Earth Day 2017 in Ottawa

Written by Denise Deby.

Every day is earth day, of course, but Earth Day, April 22, is an ode to the power of people in protecting the environment. Although sometimes co-opted for marketing consumer items, Earth Day was originally organized to bring people together to promote action for the environment.

March for Science

It’s fitting, therefore, that the March for Science will take place on Earth Day (Saturday, Apr. 22, 2017). The March, led by scientists and supporters, is a celebration of science and a reminder of the need to protect scientific enquiry from budget cuts, censorship and political interference. From the organizers:

On April 22, 2017, we walk out of the lab and into the streets. We as Canadians know too well the damage that can be done by an anti-science political agenda. Yet we also know first hand the positive change that is possible when scientists come together to defend science and its critical role in our society and democracy. Join us on April 22nd as we come together in Canada, in the US, and around the world, to march in solidarity with our American neighbours and stand in defence of science.”

To participate in the Ottawa March, come out to the main steps of Parliament Hill at 11 a.m.

There are plenty of additional ways to mark Earth Day on Saturday, April 22, 2017 in Ottawa:

Old Home Earth Day Event: The Glebe Community Association is hosting exhibits and workshops all about how to be energy efficient and live more sustainably in older homes. It’s at the Glebe Community Centre (175 Third Ave.), 10 a.m.-3 p.m. Find the schedule on their Facebook page.

Earth Day at the Canadian Museum of Nature: Walk across a giant map of the Arctic, journey through an inflatable polar bear, join a botanical scavenger hunt, crafts and play Inuit games. 10 a.m.-4 p.m. More information on the Museum website.

Great Cloth Diaper Change: Ottawa Doula Services is hosting the Great Cloth Diaper Change in Ottawa from 10-11:30 a.m. at the Ottawa Birth and Wellness Centre (2260 Walkley Rd.) The event, held in more than a dozen countries, promotes use of reusable cloth diapers.

Wakefield Earth Day Green Market and Environmental Fair: This event features exhibits by local craftspeople, artists, green builders and food vendors; bike repair, tree-climbing, music and more. 10 a.m.-5 p.m. at the Wakefield Community Centre (38 chemin Valley, Wakefield, QC); hosted by Chambre Wakefield-La Pêche Chamber.

River Ward Earth Day Event: Riley Brockington hosts this community event at the Hunt Club-Riverside Park Community Centre from 2-4 p.m. Maison Tucker House talks energy conservation and Junk That Funk provides an e-waste drop-off.

Added: Rethinking Canada’s 150: Human Library and Arts Showcase: Although not billed as an Earth Day event, this gathering features people sharing their experiences and perspectives on social and environmental justice, decolonization and immigration. The focus is “to bring alternative discourses to the mainstream narrative of Canada’s 150th anniversary.” Organized by Next Up at 25One Community (251 Bank St., 2nd floor), 3-6 p.m.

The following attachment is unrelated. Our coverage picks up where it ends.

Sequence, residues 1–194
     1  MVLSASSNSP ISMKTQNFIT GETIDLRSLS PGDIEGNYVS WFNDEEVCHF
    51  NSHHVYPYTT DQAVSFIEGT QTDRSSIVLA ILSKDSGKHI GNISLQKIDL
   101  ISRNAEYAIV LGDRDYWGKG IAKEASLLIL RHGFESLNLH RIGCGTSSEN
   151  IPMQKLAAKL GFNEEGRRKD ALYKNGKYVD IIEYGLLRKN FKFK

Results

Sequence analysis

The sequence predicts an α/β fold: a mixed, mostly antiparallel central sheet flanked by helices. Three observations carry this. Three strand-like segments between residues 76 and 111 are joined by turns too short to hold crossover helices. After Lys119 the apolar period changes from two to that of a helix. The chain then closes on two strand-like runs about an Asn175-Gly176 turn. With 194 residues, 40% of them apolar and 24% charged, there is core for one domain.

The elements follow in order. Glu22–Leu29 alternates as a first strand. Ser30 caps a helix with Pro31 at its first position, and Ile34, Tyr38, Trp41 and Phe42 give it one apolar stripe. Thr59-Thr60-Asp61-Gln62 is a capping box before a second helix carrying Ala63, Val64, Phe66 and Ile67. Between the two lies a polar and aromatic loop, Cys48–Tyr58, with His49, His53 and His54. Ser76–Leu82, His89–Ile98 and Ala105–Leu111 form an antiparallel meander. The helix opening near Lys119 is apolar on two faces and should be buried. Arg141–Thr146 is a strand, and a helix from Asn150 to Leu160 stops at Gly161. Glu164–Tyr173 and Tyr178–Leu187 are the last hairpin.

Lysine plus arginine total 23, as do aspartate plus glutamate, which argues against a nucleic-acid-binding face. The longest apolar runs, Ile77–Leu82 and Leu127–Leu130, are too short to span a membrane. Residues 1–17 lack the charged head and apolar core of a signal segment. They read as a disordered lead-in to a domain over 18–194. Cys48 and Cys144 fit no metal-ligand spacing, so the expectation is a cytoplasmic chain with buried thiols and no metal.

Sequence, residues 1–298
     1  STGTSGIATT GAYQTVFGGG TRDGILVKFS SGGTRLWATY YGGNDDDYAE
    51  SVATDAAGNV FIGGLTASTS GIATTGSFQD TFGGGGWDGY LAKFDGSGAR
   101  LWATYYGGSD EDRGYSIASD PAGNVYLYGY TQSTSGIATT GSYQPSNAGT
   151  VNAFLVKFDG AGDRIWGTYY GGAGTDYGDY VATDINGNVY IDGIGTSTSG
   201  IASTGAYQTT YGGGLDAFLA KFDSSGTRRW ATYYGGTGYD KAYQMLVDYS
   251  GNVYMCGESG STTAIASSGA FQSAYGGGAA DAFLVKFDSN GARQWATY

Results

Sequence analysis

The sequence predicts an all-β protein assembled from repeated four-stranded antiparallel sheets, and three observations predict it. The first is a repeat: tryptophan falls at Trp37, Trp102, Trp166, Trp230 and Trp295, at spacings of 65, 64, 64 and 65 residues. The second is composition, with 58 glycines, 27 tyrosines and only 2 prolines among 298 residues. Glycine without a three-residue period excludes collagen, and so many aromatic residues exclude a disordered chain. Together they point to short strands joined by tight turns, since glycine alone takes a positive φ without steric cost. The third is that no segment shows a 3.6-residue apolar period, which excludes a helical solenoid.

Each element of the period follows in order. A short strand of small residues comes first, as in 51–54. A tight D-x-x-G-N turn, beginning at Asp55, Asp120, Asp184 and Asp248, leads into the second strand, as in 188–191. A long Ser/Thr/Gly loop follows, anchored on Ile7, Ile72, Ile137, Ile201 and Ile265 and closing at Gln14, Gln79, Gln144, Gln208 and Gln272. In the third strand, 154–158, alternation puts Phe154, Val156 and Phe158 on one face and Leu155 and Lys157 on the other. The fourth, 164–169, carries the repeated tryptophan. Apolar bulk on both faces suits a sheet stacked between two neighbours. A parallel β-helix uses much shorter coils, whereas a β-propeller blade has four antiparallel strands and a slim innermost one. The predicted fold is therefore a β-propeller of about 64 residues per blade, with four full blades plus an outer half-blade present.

Added: Indigenous Walking Tour: Not specifically for Earth Day either, but Indigenous Walks is holding a public tour of central Ottawa from an Indigenous perspective. 5-7 p.m.; register at booking@indigenouswalks.com.

Ottawa Park Summit and Earth Day Celebration: Ecology Ottawa is organizing two related events for Earth Day. From 1-5 p.m., they’re partnering with Greenspace Alliance, Just Food, EnviroCentre, Sierra Club Canada Foundation, Federation of Citizens’ Associations, Social Planning Council of Ottawa and Park People to host a gathering on how to make Ottawa’s parks great. See the website for details and registration.

At Ecology Ottawa’s Earth Day Celebration, the focus is on celebrating community efforts towards environmental justice. The evening (5:30-9 p.m.) includes entertainment by comedian Martha Chaves and DJ Cat Abreu, refreshments and door prizes from local eco-friendly businesses.

Both Ecology Ottawa events will be at Makerspace North (250 City Centre Ave.).

Earth Day 2017 Ottawa International Writers Festival: The OIWF brings an impressive line-up for Earth Day. Nishnaabeg writer Leanne Betasamosake Simpson presents the stories and songs of This Accident of Being Lost. David Suzuki and Ian Hanington discuss Just Cool It!, their book on solutions to the climate crisis. At 6:30 p.m. at Christ Church Cathedral (414 Sparks St.).

Voices of Earth: Local choir Tone Cluster is holding Voices of Earth, a concert to mark Earth Day. It’s at Centretown United Church (507 Bank St.) at 7:30 p.m.

Let us know if you hear of other Earth Day events in Ottawa!

The Green Rights Project

Written by Denise Deby.

More than 175 countries have laws recognizing the right to a healthy environment; Canada does not.

Silver Donald Cameron is trying to change that. The writer, producer and educator launched the multimedia Green Rights Project to explain the importance of rights to clean water, air and food, and to present the stories of people seeking recognition of those rights.

Silver Donald Cameron will be in Ottawa on Tuesday, Oct. 4, 2016 to show the film Green Rights: The Human Right to a Healthy World, and talk about his book, Warrior Lawyers, which explores environmental rights and struggles around the world to have them recognized, drawing on the perspectives of environmental lawyers involved.

The event is at 8 p.m. at the Pearson Room, Lord Elgin Hotel. (Thanks to planetfriendly.net for the information and links to more about the Green Rights Project.)

Doors Open Ottawa, Porch Dances, Prose in the Park, Westfest–and Lemonade

Written by Denise Deby.

Porch View Dances 2015
Porch View Dances 2015 – D. Deby photo

Some fun things coming up this weekend:

Doors Open Ottawa

For a look inside some of the city’s interesting places, including some not normally not open to the public, check out Doors Open Ottawa on Saturday, Jun. 4-Sunday, Jun. 5, 2016.